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Decades old counter culture still thrives in OKC



On a recent Saturday, roughly 75 people gathered in The Conservatory for a punk concert.

At first glance, it didn’t seem like anything out of the ordinary. There were a handful of bands playing that night, including regional acts Free at Last and United Races. Yes, these fans are anarchistic and unconventional. They eschew authority. By all definitions, they’re punks. But they don’t fit the stereotypical image of their cigarette- smoking, booze-swilling, sex-driven, nihilistic peers.

They’re sober.


After punk burst onto the scene in the ’70s, a self-aware subculture soon followed and gained momentum through the next decade, taking root in the attitudes of deviant youth across the country. Bands like Minor Threat with outspoken musicians like Ian MacKaye gave these street-drug shunners a name: “Straight Edge.”

The movement gained substantial popularity through the 2000s, but around 2005, it started slipping, said Nick Hampson, operator of The Conservatory.

“There were a ton of bands that were fully straight-edge,” Hampson said. “There used to be solely straight- edge shows, but less and less people are into the movement. Now, you run into the whole thing of, ‘Yeah, our singer is straight-up, but we’re not.’”

Hampson hints at a seemingly unlikely phenomenon, though in hindsight, it seems perfectly natural.

With such a strong initial divergence, it’s strange to think that hardcore punk ideals might be expanding to reincorporate straight edge. But after even the hardcore subgenre splintered in the ’80s due to its wide-open frontier — to straight edge, bent edge, funkcore, metalcore, thrash and more — it makes sense that over the remainder of the century, hardcore filled the gap.

As it diversified, individual tastes narrowed. A genre can only splinter so much before supporters reorganize to regain a sense of togetherness, which is exactly what hardcore promotes: everyone.

“The whole hardcore mentality is respecting people for who they are and also having your own thoughts and opinions and living by them, staying true to your convictions,” said Caleb Montgomery, owner of OKC music label Wrong Ones Records and former member of Oklahoma straight-edge bands Speak Out! and Stay.


In the late 1970s and early ’80s, seeds of dissent — reactionary visions developed against popular music of the age (think Culture Club, Kenny Loggins, Journey and even disco) — were sown. Popular culture dictated one thing; punks said, “Piss off.”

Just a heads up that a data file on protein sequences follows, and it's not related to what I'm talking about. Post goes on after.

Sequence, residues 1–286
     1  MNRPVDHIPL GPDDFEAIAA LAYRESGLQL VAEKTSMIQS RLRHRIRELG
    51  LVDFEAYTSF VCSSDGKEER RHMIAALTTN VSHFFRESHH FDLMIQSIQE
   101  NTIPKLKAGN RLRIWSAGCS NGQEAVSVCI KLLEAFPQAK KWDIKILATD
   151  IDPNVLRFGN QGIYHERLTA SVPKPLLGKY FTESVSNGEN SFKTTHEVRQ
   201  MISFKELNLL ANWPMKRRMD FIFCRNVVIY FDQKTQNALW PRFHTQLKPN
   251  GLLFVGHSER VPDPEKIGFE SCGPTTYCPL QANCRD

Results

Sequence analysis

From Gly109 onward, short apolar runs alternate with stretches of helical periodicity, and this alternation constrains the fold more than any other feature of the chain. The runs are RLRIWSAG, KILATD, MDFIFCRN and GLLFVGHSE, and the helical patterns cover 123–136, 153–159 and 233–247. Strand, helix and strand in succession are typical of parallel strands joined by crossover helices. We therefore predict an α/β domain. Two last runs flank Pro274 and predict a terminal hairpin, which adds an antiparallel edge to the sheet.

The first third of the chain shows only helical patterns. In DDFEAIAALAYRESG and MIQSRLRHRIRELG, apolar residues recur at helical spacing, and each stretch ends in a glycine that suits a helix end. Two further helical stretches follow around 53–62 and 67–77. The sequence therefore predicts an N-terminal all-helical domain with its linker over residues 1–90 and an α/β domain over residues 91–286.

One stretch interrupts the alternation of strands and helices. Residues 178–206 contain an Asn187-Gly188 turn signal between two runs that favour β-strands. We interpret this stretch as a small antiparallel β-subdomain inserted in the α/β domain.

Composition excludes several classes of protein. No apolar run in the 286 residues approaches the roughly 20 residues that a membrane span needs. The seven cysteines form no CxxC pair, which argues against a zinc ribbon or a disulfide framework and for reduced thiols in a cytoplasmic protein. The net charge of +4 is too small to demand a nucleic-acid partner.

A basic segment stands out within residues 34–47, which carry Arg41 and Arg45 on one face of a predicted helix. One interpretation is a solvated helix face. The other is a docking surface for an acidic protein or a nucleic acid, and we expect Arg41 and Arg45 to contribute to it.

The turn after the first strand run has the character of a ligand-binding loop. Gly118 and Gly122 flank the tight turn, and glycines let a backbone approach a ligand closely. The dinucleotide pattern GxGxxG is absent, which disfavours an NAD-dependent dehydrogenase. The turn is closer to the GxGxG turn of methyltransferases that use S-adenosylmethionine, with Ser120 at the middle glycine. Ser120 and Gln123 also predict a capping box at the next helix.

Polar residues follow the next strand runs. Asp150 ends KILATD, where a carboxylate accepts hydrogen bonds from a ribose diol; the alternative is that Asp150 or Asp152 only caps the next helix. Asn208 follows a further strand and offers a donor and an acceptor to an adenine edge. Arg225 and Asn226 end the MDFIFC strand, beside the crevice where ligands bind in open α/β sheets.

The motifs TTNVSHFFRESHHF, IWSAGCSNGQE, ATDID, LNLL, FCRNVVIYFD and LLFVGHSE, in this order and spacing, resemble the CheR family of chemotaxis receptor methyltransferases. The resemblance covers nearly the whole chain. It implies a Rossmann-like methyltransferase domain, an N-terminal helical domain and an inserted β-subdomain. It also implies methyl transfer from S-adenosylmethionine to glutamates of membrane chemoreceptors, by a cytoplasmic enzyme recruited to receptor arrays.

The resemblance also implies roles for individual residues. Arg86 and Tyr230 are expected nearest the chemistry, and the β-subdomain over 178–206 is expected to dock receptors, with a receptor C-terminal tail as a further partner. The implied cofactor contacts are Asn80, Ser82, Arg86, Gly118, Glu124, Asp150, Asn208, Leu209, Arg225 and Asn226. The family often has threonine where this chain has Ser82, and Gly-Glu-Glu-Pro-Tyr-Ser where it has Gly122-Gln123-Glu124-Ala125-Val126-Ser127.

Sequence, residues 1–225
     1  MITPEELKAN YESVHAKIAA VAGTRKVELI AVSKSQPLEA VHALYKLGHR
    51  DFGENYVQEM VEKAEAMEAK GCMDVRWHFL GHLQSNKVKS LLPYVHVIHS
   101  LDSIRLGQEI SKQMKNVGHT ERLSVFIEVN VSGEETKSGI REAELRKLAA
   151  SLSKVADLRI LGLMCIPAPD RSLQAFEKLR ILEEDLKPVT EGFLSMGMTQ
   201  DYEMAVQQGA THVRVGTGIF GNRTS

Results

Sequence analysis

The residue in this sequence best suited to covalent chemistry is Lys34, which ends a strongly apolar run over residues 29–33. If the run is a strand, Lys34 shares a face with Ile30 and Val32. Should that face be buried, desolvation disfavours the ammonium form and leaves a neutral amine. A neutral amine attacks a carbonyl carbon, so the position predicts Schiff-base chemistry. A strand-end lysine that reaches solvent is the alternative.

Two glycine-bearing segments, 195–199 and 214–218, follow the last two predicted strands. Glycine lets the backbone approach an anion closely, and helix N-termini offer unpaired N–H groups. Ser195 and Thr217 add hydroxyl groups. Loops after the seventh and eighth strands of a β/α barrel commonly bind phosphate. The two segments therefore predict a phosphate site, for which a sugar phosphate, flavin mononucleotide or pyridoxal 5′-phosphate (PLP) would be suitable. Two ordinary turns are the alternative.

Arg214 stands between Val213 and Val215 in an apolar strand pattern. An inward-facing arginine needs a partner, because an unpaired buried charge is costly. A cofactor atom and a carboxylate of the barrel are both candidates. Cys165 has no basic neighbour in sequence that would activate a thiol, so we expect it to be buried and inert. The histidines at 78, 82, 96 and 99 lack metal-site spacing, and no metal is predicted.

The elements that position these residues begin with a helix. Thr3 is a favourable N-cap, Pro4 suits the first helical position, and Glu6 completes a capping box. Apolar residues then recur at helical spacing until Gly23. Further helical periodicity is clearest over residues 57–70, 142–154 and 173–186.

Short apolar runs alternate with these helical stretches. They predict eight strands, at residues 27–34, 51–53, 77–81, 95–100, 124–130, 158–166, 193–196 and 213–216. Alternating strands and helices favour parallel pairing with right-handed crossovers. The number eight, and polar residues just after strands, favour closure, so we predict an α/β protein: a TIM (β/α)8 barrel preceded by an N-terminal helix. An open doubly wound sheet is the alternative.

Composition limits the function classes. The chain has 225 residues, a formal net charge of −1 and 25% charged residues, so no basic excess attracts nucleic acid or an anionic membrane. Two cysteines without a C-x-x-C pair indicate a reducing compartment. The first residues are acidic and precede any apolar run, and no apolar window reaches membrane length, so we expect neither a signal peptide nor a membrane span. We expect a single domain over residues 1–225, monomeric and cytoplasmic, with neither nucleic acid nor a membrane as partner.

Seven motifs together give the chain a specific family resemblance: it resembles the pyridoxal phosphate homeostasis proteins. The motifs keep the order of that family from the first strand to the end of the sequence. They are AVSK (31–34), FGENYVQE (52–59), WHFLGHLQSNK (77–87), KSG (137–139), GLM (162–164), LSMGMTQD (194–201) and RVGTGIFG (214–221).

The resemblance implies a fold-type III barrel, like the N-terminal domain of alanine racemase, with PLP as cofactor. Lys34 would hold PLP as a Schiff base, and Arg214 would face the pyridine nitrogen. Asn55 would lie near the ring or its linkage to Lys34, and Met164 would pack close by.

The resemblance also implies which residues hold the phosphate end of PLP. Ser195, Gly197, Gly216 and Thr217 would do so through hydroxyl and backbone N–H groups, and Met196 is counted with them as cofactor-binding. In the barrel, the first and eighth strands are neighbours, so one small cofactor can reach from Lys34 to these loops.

Rock ’n’ roll’s punk subculture quickly became defined by its deviant behavior, which included uncouth habits.

Drug and alcohol use and other awareness- and body-harming habits became inseparable associations. For some punks, that was fine. But for others, especially the younger population of punks who couldn’t drink at these shows anyway, the associated hedonism was a turn-off.

History points to MacKaye (Fugazi, Minor Threat, The Teen Idles) and his contemporaries as founders of the subgenre. MacKaye and company fell into an in-between group: They irritated the real world by being nonconformists, and they irritated hardcore punks because they weren’t self-destructive.

While there was a slow build of support for MacKaye’s mentality, the defining turns came between two points.

One was The Teen Idles’ release of record Minor Disturbance. Its cover featured two crossed hands with black X’s on them. The X’s referenced the Sharpie markings that music venues scrawled on the back of underage kids’ hands to let bartenders know they couldn’t imbibe.

It also became a symbol of straight-edge empowerment.

The second point was MacKaye’s song, “Straight Edge,” performed by Minor Threat. As he said in an interview transcript in All Ages: Reflections on Straight Edge, “People picked up on it insanely.”

It’s said that there are three X’s in straight edge: alcohol, tobacco and illicit drugs. Some throw in promiscuous sex, vegetarianism and other addendums.


“For me,” Montgomery said, “it’s just not drinking, not smoking, not putting those things into my body so I can ... have my own thoughts and opinions and stay out of trouble for the most part.”

After hardcore punk band Minor Threat came 7 Seconds and SSD. Then a plethora of emo hardcore and post-hardcore bands followed during Revolution Summer in ’85 (Rain, Rites of Spring, Soulside, Gray Matter and others). And so it continued.

But today, youth in straight edge and other hardcore subcultures are mixing, going to the same shows, supporting the same bands, singing along to the same music. There isn’t a need to be as staunchly protective and divisively different because lines are blurred, Montgomery said.

Punks accept other punks.

Montgomery actually bartended January’s straight edge concert, an irony that isn’t lost on him. He made interesting observations from his post.

“It was a cool show, lots of kids showing up, moshing, singing along,” he said. “But that’s the thing: There were a lot of people who weren’t straight edge. People who aren’t straight edge like straight-edge bands and people who are straight edge like bands that aren’t. It’s a big family within hardcore.”

Print headline: X X X, As hardcore punk grows more accepting of internal divisions, straight edge finds itself among family.

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